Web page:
Technological advancements in aspects of design, optimization, operation and control has made it possible to integrate two or more renewable energy systems (such as wind and solar) to obtain a renewable hybrid energy system configuration (Bajpai and Dash, 2012). The results have been development of new, innovative, clean, and efficient energy systems that compliment other efforts made in the designs of ZEBs. Prasda, Reddy, and Saibabu (2011) studied the possibility of incorporating renewable hybrid energy sources in ZEBs. Their objective was to understand the environmental and economic benefits of integrating renewable energy system in ZEBs. Their study involved collection and analysis of data about energy requirements. From the results, they suggested ways of ensuring how ZEBs can be achieved with incorporation of renewable hybrid energy systems. In their study, they considered a photovoltaic-wind hybrid system for ZEBs. The hybrid system architecture was composed of a PV array, a wind turbine, a generator, storage battery, inverter, rectifier, and dispatch strategy cycle charging. An existing building was chosen and simulations were performed based on the collected and analyzed data of energy the building’s energy requirements. The results of the simulations of the old building was then compared with the simulations of a modified building with the demonstration of how such a solar-wind hybrid system could effectively feed the modified building’s load. A HOMER software was used in the simulations. The results of the simulations suggest renewable hybrid systems are feasible for integration in Zero Energy Buildings. Their findings also suggested that besides offering solution for ZEBs, the hybrid system also has economic and environmental benefits.
In an attempt to find a solution for a typical zero energy building, Lu and Wang (2014) came up with an optimal design for renewable hybrid energy systems. They chose Hong Kong Zero Carbon building with its meteorological data of 1987 as their reference point for their study. They were able to generate the annual cooling load profile of the building with the use of a TRNSYS building model. Among the building’s data collected used as a basis for load profile included aspects of lighting schedule, occupancy schedule, equipment energy consumption, electricity energy demand, air conditioning, and energy generation values. In order to simulate the energy systems of the building, they had to first develop simplified models of renewable energy systems and air-conditioning systems using a Matlab software. The building’s annual load profile was taken as the input. Among the variables they optimized were wind turbine, solar photovoltaic, and bio-diesel generator that were going to form the renewable hybrid system for the building. The values of solar, wind and bio-diesel were just trial values varied accordingly to simulate the anticipated circumstances and a possibility of generating the best combination possible that factors in elements of economics, environment, and the overall concept of ZEB. Finally, the results of the performance of the building with varied combination of the renewable energy system sizes was used to perform comparative analysis and system evaluations.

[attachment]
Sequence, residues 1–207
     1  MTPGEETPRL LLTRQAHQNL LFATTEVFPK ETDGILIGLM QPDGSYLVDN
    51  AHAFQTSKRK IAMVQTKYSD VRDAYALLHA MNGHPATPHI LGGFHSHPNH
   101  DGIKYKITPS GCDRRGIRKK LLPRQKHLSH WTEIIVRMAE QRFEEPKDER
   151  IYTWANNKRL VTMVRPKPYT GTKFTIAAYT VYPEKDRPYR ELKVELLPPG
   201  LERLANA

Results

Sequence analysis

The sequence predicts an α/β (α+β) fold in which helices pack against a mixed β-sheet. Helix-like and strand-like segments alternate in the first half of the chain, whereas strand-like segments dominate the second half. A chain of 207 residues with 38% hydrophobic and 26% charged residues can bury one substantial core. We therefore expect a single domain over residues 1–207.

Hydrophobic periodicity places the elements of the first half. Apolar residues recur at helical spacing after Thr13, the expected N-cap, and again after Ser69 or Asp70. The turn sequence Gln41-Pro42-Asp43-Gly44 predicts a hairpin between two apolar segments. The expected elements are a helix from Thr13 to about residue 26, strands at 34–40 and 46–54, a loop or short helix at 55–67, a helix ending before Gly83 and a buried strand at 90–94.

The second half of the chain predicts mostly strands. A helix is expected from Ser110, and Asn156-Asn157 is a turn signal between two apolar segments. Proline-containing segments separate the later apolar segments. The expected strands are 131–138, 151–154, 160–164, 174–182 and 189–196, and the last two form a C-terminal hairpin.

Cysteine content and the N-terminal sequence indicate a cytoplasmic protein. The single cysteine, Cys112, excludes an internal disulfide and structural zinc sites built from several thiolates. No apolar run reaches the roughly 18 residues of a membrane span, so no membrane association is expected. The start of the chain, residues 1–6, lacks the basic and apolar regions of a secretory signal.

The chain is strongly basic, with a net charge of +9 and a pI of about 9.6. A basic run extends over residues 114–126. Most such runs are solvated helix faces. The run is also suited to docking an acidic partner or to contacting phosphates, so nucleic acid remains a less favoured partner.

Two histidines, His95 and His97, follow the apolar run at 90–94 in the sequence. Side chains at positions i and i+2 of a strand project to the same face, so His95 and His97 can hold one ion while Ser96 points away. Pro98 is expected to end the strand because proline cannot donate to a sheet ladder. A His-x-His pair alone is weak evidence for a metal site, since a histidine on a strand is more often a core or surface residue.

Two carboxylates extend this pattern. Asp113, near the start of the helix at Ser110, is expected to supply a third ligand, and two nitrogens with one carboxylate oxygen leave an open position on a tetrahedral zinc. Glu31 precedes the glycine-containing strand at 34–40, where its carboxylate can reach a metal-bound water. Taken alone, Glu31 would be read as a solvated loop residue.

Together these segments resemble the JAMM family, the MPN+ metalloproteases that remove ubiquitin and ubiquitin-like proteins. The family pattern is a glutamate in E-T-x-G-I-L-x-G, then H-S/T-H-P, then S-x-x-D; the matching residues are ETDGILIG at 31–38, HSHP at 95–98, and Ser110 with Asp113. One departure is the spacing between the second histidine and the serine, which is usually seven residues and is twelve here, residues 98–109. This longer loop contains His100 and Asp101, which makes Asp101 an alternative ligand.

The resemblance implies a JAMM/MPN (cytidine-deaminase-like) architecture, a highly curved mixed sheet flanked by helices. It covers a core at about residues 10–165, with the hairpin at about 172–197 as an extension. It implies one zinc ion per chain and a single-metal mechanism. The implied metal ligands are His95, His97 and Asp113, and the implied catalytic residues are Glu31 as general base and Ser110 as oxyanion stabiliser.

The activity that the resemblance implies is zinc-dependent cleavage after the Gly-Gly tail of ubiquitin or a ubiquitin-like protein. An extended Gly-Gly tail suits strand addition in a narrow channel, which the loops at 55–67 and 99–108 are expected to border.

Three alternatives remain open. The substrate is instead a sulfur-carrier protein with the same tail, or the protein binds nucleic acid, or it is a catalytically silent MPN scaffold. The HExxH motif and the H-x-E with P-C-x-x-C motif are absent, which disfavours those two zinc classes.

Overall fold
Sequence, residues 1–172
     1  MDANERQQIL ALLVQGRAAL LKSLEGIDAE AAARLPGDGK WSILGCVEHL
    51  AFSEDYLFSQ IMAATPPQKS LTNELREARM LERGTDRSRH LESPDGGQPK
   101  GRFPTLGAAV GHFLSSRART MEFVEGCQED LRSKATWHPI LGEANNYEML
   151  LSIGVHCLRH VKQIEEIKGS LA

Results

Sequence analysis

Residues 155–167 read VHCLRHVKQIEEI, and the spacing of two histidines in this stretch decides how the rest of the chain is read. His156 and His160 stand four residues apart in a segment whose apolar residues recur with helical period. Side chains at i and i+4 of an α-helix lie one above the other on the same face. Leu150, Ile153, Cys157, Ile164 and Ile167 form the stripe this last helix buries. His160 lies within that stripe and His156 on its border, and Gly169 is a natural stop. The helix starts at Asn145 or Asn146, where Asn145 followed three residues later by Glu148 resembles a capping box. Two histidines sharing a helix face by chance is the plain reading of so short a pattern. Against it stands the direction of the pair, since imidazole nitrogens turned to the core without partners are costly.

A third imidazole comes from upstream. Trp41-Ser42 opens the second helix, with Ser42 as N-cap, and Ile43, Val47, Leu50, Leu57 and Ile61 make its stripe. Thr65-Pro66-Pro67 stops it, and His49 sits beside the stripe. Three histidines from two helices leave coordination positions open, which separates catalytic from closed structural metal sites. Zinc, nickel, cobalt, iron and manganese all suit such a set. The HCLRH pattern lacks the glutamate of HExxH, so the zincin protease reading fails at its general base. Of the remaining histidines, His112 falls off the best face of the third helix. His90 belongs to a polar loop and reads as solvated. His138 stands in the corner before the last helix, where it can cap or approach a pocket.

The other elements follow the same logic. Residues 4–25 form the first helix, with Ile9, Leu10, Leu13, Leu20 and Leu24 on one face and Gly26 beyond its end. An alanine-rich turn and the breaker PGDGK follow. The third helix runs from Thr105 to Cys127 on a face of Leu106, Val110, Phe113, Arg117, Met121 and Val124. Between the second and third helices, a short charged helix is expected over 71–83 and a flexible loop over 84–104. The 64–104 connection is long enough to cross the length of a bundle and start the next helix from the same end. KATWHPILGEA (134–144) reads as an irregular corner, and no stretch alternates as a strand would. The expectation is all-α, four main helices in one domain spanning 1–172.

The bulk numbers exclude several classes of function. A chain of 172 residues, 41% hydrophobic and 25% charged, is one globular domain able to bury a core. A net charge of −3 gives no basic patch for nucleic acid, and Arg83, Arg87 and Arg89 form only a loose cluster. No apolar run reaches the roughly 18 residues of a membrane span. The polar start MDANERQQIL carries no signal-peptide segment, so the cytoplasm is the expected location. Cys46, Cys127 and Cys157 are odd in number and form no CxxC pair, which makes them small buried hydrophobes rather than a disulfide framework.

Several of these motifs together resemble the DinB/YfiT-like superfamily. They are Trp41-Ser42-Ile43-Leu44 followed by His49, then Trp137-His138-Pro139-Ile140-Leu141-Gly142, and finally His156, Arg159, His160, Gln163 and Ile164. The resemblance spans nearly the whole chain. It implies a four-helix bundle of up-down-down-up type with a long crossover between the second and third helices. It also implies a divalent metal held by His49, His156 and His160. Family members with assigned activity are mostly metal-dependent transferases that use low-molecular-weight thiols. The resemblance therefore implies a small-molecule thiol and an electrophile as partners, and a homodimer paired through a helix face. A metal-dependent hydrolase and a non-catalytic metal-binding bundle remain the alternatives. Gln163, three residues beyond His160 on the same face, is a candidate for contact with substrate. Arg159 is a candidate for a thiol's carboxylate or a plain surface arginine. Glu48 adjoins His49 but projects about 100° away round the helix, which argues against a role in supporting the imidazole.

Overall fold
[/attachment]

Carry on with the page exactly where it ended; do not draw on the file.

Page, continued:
Bajpai, P. and Dash, V. (2012). Hybrid renewable energy systems for power generation in stand-alone applications: A review. Renewable and Sustainable Energy Reviews, 16(5), pp.2926-2939.
Lia, D.H.W., Yang, L., Lam, J.C. (2013). Zero energy buildings and sustainable development implications – A review. Energy, 54, 1-10.
Lu, Y., Wang, S. (2014). Optimal Design of Renewable Energy Systems in Low/Zero Energy Buildings. International High Performance Buildings Conference. Paper 129. Retrieved from: http://docs.lib.purdue.edu/cgi/viewcontent.cgi?article=1128&context=ihpbc
Prasad, S.G., Reddy, V.K., & Saibabu, C.H. (2011). Integration of renewable energy sources in Zero energy buildings with economic and environmental aspects by using HOMER. International Journal of Advanced Engineering Sciences and Technologies, 9(2), 212-217.
Scognamiglio, A., & Røstvik, H.N. (2012). Photovoltaics and zero energy buildings: a new opportunity and challenge for design. Progress in Photovoltaics: Research and Applications conference. Frankfurt: John Wiley & Sons.
Torcellini, P., Pless, S., Deru, M. & Crawley, D. (2006). Zero Energy Buildings: A Critical Look at the Definition. Pacific Grove, CA: NREL.